Civil libertarians have been objecting that liberals are ignoring the Obama Administration’s continuation of a number of Bush programs and policies — in contradiction to President Obama’s presidential campaign promises. From torture to unlawful surveillance, Obama has continued the positions of President Bush in federal courts in seeking to dismiss lawsuits and claim sweeping executive privilege authority. Now, the Obama Administration is seeking to get a court to dismiss a lawsuit by gay married couples from Massachusetts who are challenging the denial of federal marriage benefits.
Bill Clinton pushed through the 1996 Defense of Marriage Act that bars the federal government from recognizing same-sex marriages. Gay couples have challenged the constitutionality of denying them the same benefits as other married couples. The Justice Department is now seeking to have their lawsuit dismissed. It insists that it must defend the law and claims the lawsuit is meritless. The Administration challenges the right of gay couples to demand such benefits.
It is arguable where the Justice Department must defend such laws in this way if it views this law to be unconstitutional. There are, in my view, a number of alternative options. First, it could have elected not to seek dismissal as opposed to ruling on the merits. As in prior cases dealing with electronic surveillance and torture, the Administration is fighting to block citizens from having a court review the matter by challenging standing and the cause of action. Of course, the Justice Department could argue that, even with a dismissal, the Court will have to reach the threshold question of whether these couples have any legal claim and, if they do not, there is no reason to proceed beyond that threshold question.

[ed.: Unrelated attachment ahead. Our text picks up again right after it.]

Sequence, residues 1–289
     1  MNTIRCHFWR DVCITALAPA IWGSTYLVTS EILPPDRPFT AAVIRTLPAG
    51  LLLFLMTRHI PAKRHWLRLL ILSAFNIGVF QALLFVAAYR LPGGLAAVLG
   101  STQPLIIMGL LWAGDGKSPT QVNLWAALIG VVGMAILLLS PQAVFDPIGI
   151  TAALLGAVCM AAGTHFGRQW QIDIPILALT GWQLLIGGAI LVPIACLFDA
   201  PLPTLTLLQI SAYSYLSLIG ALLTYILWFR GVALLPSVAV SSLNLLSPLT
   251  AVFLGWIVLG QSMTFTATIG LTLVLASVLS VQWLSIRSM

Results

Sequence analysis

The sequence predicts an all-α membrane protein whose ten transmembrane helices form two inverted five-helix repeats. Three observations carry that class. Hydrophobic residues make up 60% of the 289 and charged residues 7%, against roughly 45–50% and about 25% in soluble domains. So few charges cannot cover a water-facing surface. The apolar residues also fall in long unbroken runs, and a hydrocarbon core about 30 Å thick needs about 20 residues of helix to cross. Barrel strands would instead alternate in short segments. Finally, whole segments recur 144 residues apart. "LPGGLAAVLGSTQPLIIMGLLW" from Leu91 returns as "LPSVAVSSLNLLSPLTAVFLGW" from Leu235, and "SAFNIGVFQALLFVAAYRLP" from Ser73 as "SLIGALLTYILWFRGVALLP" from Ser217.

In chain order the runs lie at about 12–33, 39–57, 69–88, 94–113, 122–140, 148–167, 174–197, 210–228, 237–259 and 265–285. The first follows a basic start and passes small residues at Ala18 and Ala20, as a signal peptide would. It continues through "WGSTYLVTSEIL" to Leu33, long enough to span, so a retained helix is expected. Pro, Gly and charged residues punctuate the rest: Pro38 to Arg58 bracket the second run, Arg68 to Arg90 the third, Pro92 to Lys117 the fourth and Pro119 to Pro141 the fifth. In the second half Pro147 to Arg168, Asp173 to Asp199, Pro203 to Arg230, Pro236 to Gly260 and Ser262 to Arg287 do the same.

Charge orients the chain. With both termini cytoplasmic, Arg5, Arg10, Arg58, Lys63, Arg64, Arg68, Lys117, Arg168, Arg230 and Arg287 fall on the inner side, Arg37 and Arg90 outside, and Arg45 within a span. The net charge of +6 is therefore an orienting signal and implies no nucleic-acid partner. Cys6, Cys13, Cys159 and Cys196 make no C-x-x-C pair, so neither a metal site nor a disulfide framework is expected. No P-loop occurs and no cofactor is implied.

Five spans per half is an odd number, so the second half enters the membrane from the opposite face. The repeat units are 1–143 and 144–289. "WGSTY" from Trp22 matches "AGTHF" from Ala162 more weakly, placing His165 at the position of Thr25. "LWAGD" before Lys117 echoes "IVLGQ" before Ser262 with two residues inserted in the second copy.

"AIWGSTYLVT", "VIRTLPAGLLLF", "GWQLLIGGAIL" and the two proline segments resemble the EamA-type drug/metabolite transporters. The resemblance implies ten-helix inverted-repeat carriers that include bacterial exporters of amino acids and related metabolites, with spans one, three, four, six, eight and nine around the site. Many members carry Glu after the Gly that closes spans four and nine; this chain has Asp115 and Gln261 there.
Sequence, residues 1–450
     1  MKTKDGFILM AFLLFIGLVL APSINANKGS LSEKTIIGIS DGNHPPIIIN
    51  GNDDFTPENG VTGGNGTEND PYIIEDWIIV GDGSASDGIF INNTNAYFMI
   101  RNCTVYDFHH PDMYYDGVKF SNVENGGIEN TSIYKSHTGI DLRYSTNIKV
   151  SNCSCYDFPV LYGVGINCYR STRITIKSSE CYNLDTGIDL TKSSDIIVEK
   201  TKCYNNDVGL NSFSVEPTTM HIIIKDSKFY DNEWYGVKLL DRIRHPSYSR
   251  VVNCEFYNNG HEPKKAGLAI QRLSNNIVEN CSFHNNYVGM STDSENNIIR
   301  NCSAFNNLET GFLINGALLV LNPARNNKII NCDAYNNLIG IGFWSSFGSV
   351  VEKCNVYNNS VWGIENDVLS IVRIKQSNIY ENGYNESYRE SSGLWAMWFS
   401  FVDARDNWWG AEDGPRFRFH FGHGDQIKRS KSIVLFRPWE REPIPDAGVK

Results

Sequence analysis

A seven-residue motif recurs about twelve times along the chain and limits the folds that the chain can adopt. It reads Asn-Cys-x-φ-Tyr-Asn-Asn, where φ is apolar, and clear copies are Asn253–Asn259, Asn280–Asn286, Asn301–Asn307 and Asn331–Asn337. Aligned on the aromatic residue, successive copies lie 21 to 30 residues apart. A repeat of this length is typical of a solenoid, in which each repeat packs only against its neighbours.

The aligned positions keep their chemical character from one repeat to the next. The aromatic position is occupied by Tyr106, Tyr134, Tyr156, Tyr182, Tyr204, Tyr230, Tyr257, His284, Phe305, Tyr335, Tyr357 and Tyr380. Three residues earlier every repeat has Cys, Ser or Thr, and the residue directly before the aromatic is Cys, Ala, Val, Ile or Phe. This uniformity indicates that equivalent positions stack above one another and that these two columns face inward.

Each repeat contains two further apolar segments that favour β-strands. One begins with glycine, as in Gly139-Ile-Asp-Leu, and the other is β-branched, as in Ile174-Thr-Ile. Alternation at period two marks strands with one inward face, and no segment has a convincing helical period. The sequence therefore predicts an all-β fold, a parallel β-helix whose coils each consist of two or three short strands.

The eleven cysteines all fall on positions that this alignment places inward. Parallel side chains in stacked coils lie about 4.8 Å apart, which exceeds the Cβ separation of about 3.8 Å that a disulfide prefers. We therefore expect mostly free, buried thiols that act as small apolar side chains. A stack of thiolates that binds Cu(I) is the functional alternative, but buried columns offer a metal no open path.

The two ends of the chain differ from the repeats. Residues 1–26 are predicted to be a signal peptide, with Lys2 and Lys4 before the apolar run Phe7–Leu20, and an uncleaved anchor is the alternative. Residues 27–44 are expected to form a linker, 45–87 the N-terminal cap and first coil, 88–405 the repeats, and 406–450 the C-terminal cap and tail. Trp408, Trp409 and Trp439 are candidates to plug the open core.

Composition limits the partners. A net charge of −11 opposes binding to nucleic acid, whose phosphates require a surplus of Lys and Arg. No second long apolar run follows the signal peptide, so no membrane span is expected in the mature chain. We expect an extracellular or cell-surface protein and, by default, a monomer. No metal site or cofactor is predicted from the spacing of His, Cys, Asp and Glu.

Second, it could offer a more nuanced defense that the law may be unconstitutional under certain circumstances or could be found unconstitutional if the court recognizes certain protections for gay couples. The Administration could recognize in its filing that these couples should have recognized rights to benefits as married couples and even question the constitutionality of DOMA (if it believes that it is unconstitutional to deny married status on the basis of sexual orientation). While the Administration cites prior precedent against such claims, it does not indicate any support for the constitutional claims of gay couples. On the merits of the lawsuit, there is little difference between the positions of Bush and Obama Administrations.
Third, though admittedly novel and rare, the Department could have an outside attorney defend the law if the Department views the law as unconstitutional or discriminatory. If the Administration views this law to be discriminatory, it can convey its view by declining to defend it directly while appointed a specially appointed attorney to do so. While the filing acknowledges support for gay and lesbian couples, it seems to support them in a potential legislative setting rather than a constitutional claim.
There is certainly an argument to be made that the Justice Department must defend federal laws. However, even if this aggressive approach is warranted, it would be far more convincing if the Obama Administration was seeking the repeal of DOMA in Congress. It could easily put such a measure on the agenda in the Democratically-controlled House and Senate. Obama previously supported such a move, but his Administration is now believed to be privately opposed to such a vote in this Congress. Gay activists are objecting that they have once again been given a bait and switch by the Democrats. Obama worked hard to secure gay and lesbian votes during the election, but his Administration has not been aggressive in seeking reforms from the terminatin of the “don’t ask, don’t tell” policy to the DOMA issue.
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